Vision after 40: Advantages of Progressive Lenses

by | May 20, 2024 | eye glasses

Progressive lenses

After age 40, no one likes their age to show, especially when they start to have trouble reading small print. Fortunately, today’s spectacle lenses make it impossible for others to say that you have reached the “bifocal era.”

Progressive lenses, sometimes called “lineless bifocals,” give you a more youthful look by eliminating the visible lines found in bifocals (and trifocals).

But beyond being just a multifocal lens with no visible lines, progressive lenses allow people with presbyopia to see clearly at all distances.

Advantages of Progressive Lenses over Bifocals

Bifocal lenses for glasses only have two powers: one for seeing across the room and the other for seeing up close. Intermediate objects, such as a computer screen or items on a grocery store shelf, often remain blurry with bifocals.

To try to see objects clearly in this “intermediate” range, bifocal wearers must move their heads up and down, alternately looking at the top and then the bottom of their bifocal lenses, to determine which part of the lens works best.

Bifocals also put you at higher risk for computer vision syndrome (CVS) when using a computer for an extended period. Bifocal wearers have to sit closer to the screen and tilt their heads back to see through the bottom of their glasses. This unnatural posture can cause muscle tension, neck pain, and other CVS symptoms.

Progressive lenses more closely mimic the natural vision you enjoyed before the onset of presbyopia. Instead of providing just two lens powers like bifocals (or three, like trifocals), progressive lenses are accurate “multifocal” lenses that provide a smooth, perfect progression of many lens powers for clear vision all along. Across the room, up close and at any distance in between.

With progressive lenses, there is no need to move your head up and down or adopt awkward postures to view your computer screen or other objects within arm’s reach.

Holding your head in a comfortable position, you can simply look forward to seeing in the distance, move your eyes down slightly to see your computer through the middle, and lower your gaze a little further to read comfortably up close.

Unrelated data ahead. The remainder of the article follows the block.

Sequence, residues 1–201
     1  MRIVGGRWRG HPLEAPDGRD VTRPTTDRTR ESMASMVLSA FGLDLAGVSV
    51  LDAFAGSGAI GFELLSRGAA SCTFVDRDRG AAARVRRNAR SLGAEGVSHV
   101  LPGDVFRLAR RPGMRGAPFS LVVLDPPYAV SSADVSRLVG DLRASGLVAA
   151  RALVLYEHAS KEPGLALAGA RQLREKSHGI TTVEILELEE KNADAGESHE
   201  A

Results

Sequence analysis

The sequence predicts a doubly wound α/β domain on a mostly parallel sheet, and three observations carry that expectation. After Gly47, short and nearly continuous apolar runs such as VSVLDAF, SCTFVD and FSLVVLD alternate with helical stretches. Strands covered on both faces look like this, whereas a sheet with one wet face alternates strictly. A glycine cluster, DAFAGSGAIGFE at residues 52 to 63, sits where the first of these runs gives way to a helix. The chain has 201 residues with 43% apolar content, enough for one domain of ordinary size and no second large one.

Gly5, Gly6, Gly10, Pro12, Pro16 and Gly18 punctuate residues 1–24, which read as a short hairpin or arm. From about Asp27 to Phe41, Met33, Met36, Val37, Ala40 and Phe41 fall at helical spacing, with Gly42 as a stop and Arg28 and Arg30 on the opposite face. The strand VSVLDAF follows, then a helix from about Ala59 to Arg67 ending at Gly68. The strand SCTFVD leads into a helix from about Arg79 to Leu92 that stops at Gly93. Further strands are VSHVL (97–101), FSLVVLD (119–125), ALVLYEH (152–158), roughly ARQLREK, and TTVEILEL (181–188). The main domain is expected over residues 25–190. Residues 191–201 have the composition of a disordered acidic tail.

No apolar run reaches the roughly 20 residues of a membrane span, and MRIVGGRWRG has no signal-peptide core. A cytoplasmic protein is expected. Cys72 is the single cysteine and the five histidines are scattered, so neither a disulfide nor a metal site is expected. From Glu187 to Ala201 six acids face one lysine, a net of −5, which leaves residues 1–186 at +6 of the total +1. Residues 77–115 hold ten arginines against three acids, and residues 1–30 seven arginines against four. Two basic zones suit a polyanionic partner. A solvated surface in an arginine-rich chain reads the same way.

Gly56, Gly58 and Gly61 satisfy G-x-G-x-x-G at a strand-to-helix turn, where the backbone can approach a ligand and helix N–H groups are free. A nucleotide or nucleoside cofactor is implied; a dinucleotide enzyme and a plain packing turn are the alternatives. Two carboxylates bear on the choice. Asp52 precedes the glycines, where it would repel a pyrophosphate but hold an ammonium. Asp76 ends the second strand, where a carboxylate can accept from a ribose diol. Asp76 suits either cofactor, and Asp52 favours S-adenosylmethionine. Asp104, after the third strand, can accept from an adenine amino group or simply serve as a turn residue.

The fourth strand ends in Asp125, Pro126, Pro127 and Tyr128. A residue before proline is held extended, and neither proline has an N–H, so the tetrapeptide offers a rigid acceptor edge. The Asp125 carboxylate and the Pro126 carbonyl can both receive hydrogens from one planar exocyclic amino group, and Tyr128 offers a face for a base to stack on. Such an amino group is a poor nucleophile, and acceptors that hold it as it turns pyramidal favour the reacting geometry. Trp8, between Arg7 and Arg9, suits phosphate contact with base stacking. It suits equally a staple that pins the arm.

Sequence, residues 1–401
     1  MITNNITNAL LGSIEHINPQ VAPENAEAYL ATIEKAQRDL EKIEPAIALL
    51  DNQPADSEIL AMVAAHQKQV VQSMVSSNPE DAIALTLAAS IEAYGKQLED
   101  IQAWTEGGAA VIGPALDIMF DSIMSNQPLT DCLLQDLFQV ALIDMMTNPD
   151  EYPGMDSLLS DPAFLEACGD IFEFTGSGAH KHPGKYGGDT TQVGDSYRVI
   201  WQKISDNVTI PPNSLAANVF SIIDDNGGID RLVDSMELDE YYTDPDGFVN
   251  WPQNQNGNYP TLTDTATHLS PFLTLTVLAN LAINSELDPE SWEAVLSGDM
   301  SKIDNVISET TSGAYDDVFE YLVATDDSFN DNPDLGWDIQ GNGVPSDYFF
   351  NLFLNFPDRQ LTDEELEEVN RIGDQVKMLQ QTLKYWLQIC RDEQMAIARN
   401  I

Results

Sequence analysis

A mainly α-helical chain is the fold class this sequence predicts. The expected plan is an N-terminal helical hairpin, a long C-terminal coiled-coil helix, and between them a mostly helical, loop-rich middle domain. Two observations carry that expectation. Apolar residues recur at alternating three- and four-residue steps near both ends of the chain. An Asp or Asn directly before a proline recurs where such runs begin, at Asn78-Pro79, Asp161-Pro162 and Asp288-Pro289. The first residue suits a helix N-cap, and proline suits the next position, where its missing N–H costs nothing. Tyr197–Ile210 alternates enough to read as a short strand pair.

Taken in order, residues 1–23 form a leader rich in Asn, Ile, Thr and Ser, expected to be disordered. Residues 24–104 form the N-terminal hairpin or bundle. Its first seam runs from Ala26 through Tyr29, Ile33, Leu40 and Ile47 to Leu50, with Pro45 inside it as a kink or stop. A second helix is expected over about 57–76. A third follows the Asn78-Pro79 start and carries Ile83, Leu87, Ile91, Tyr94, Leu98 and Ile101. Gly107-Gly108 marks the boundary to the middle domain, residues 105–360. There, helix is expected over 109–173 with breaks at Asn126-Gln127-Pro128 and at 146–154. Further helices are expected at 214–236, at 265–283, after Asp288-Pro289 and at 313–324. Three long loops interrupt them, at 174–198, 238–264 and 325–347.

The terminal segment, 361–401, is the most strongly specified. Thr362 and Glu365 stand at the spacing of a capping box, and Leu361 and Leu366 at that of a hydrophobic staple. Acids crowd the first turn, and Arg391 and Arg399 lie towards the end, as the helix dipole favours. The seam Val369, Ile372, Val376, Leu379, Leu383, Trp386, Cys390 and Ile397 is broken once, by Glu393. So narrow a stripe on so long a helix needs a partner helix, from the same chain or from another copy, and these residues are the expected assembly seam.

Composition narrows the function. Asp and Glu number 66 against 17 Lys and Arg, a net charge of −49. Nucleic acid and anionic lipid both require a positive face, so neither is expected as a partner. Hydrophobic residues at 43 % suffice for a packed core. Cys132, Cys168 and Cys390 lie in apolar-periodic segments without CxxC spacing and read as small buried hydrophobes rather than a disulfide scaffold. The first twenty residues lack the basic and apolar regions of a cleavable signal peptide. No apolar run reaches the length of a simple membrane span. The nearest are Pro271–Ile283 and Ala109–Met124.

Natural Vision without “Image Jumping”

The lines visible on bifocal and trifocal lenses are points where the lens’s power abruptly changes.

When a bifocal or trifocal wearer’s line of vision passes through these lines, the images suddenly move or “jump.” The discomfort caused by this “image jump” can range from being a little annoying to creating nausea.

Additionally, due to the limited number of lens powers in bifocals and trifocals, your depth of focus with these lenses is limited. To be seen clearly, objects must be within a specific range of distances. Those that are outside the distances covered by the powers of the bifocal or trifocal lenses will be blurred.

Progressive lenses, on the other hand, have a smooth and perfect progression of lens powers for clear vision at all distances. Additionally, they provide a more natural depth of focus without “image jump.”

However, the first time you use progressive lenses, you may notice a blurry image in your peripheral vision through the bottom half of the lenses, to the right and left of the middle and near areas.

If this occurs, the sensation will usually go away after wearing the lenses full-time for several days. If it persists, inform your eye care doctor. (If necessary, making a slight adjustment or switching to a different progressive lens design will usually solve the problem.)